Christmas 2014 walked up to me this morning and tapped me on the shoulder and said hello.
And I said hello back.
At 5:30 a.m., as I was taking Parker for his daily stroll, I walked by our neighborhood firehouse. The lawn was full of Christmas trees for sale; stiff and straight, branches held with twine like closed umbrellas, they leaned against yellow sawhorses, waiting for eager purchasers.
It wasn't so much the sight of them that started to stir my Christmas spirit. It was the scent of them, the musky, green smell of fresh needles and sticky sap.
As a youngster, I don't remember buying the family Christmas tree, mostly because we weren't privy to that particular piece of the holiday magic. See, when we were kids, Santa brought everything: presents, trains, decorations and yes, even the tree.
My brothers and I would go to bed Christmas Eve with exactly two things in place in the house, our stockings and the creche.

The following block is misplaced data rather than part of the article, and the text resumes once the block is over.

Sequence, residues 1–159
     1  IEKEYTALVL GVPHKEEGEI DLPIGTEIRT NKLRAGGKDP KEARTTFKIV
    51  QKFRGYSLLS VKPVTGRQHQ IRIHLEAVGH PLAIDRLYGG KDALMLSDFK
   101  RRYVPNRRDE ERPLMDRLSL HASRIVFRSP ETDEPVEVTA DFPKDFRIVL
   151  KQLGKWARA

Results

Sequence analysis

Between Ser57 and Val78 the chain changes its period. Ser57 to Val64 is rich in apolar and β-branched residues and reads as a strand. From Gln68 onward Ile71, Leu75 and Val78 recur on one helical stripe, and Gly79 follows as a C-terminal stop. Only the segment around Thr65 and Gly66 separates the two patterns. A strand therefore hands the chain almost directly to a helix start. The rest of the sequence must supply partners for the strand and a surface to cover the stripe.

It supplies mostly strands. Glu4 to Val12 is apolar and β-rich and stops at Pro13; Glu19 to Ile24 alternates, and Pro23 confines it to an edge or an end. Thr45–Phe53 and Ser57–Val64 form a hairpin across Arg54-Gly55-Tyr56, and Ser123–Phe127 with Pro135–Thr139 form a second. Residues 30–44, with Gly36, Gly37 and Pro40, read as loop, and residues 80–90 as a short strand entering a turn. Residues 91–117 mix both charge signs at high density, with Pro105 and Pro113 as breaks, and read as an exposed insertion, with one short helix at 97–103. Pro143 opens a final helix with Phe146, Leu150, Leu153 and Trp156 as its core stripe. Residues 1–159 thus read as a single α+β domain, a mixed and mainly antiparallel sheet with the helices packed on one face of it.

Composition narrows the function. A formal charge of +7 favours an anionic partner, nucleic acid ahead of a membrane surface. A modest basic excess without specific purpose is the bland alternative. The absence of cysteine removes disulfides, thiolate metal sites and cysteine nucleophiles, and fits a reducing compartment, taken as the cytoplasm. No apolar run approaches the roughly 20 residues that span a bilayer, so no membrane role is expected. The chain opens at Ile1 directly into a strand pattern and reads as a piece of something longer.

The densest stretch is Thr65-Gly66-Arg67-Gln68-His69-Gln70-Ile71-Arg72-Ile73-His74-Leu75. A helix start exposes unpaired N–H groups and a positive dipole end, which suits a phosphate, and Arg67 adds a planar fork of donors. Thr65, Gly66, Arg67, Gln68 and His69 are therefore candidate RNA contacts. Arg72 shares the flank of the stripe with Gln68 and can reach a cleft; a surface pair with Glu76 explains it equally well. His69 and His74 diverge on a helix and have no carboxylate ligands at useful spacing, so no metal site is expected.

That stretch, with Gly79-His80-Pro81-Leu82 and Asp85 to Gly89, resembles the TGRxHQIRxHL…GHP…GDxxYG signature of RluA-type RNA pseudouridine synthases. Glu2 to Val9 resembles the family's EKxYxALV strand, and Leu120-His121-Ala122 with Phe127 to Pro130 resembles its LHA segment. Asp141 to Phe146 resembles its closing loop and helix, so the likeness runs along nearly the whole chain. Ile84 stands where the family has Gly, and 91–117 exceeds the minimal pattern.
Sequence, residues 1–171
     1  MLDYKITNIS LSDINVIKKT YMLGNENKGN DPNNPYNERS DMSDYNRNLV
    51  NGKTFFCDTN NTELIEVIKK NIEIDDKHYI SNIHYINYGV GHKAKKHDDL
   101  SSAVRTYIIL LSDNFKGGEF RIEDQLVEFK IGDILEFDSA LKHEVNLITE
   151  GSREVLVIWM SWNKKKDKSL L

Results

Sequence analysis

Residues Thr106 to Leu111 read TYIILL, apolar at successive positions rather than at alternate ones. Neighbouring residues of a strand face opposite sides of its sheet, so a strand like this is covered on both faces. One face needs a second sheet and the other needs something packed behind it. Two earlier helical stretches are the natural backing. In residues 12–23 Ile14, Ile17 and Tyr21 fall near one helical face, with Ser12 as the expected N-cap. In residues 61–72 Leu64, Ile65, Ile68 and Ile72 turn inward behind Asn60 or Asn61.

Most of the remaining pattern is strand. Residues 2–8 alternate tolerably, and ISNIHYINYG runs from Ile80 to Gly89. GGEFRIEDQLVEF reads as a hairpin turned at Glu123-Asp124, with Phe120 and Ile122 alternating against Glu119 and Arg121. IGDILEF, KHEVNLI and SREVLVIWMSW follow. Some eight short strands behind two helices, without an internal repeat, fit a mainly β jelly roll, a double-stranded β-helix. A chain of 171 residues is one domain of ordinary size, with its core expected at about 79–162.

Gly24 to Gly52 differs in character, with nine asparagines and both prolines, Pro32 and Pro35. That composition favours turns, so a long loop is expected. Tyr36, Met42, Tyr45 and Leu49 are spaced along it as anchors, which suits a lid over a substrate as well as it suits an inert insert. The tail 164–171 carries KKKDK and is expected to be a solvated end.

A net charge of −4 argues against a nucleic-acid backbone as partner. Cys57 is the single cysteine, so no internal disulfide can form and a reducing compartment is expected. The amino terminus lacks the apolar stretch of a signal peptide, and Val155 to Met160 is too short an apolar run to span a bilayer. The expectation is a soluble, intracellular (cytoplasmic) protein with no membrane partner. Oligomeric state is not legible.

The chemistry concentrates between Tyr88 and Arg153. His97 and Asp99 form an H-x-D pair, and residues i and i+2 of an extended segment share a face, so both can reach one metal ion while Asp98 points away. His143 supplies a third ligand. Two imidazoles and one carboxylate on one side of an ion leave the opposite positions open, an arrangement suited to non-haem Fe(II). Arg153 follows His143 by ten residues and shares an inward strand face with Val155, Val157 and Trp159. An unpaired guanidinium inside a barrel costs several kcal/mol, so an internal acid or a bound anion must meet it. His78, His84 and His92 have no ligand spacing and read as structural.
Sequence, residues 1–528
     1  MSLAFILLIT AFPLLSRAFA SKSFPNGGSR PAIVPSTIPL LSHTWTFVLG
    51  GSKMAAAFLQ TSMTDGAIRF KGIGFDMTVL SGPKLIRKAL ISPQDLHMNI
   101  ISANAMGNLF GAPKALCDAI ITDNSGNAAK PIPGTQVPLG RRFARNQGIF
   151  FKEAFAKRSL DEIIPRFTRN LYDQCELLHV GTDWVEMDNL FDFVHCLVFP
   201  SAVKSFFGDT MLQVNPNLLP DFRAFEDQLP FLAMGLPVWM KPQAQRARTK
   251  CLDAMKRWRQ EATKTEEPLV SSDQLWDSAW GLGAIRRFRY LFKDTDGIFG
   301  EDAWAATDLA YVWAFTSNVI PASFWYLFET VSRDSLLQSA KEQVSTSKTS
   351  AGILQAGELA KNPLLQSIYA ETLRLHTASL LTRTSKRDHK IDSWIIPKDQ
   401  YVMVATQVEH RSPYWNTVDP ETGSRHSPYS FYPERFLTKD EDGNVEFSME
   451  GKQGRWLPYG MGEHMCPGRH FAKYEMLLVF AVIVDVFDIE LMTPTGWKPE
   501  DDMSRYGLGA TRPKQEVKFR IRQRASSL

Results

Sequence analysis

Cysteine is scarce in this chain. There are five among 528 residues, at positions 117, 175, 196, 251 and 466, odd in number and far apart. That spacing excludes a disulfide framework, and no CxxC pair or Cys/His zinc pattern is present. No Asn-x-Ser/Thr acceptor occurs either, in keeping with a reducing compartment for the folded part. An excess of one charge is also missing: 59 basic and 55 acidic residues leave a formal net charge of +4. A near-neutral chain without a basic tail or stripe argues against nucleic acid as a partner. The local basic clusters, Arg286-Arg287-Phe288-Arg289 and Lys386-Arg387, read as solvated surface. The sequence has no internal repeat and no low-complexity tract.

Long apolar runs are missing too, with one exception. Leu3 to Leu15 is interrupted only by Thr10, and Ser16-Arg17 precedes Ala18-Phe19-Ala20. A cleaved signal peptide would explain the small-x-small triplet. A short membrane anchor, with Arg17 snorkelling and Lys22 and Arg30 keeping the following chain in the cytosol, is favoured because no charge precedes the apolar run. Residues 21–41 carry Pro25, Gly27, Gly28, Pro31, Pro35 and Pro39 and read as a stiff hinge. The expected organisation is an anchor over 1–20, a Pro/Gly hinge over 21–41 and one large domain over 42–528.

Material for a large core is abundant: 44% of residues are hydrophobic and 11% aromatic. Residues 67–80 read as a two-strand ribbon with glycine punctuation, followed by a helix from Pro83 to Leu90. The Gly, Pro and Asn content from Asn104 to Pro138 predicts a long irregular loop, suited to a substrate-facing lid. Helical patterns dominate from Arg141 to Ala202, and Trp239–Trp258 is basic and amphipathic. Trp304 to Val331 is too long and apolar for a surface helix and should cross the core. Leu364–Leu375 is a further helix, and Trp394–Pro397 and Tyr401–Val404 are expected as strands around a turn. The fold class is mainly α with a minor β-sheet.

When we awoke Christmas morning, St. Nick had not only fulfilled our every wish, but he had festooned every corner of the living room with spangly, sparkly specialness.
As I got older, I was let in more on the behind-the-scenes prep, and Dad would take us to the local fire station and buy a tree there.
Our tradition of putting the tree on a platform, with a ring of trains around the base, made purchase a bit difficult. We could not manage the seven-foot behemoths that were dazzling to the eye. I can still hear Dad saying, "Eight-foot ceilings minus three feet for the platform means no bigger than a five foot tree." It's a mantra I still employ when we shop for our own tree now.
When my older brother was in high school, he was part of a volunteer crew that worked at a nearby special-needs school. As a fundraiser, the school sold trees every year, and in return for donating his time, he and the other students got their "pick of the litter" when it came to Tannenbaums. He would bring home the most picture-perfect trees I have ever seen.
The tradition of obtaining a tree morphed as the years went on. When Eileen and I moved to Montgomery County, we were very near a tree farm that enabled cutting our own. Mom and Dad would accompany us, and we finished the day with a hearty lunch. These outings were eventually accompanied by grandchildren. Dad and I often teased about how little we paid for our trees; "Mine was only $10," he would joke.
"Wow," I'd counter. "Mine was $12, but I got it drilled and baled for nothing."
"Hmm. You drive a hard bargain." **wink**
Welcome Christmas. You're beginning to stir my heart once more.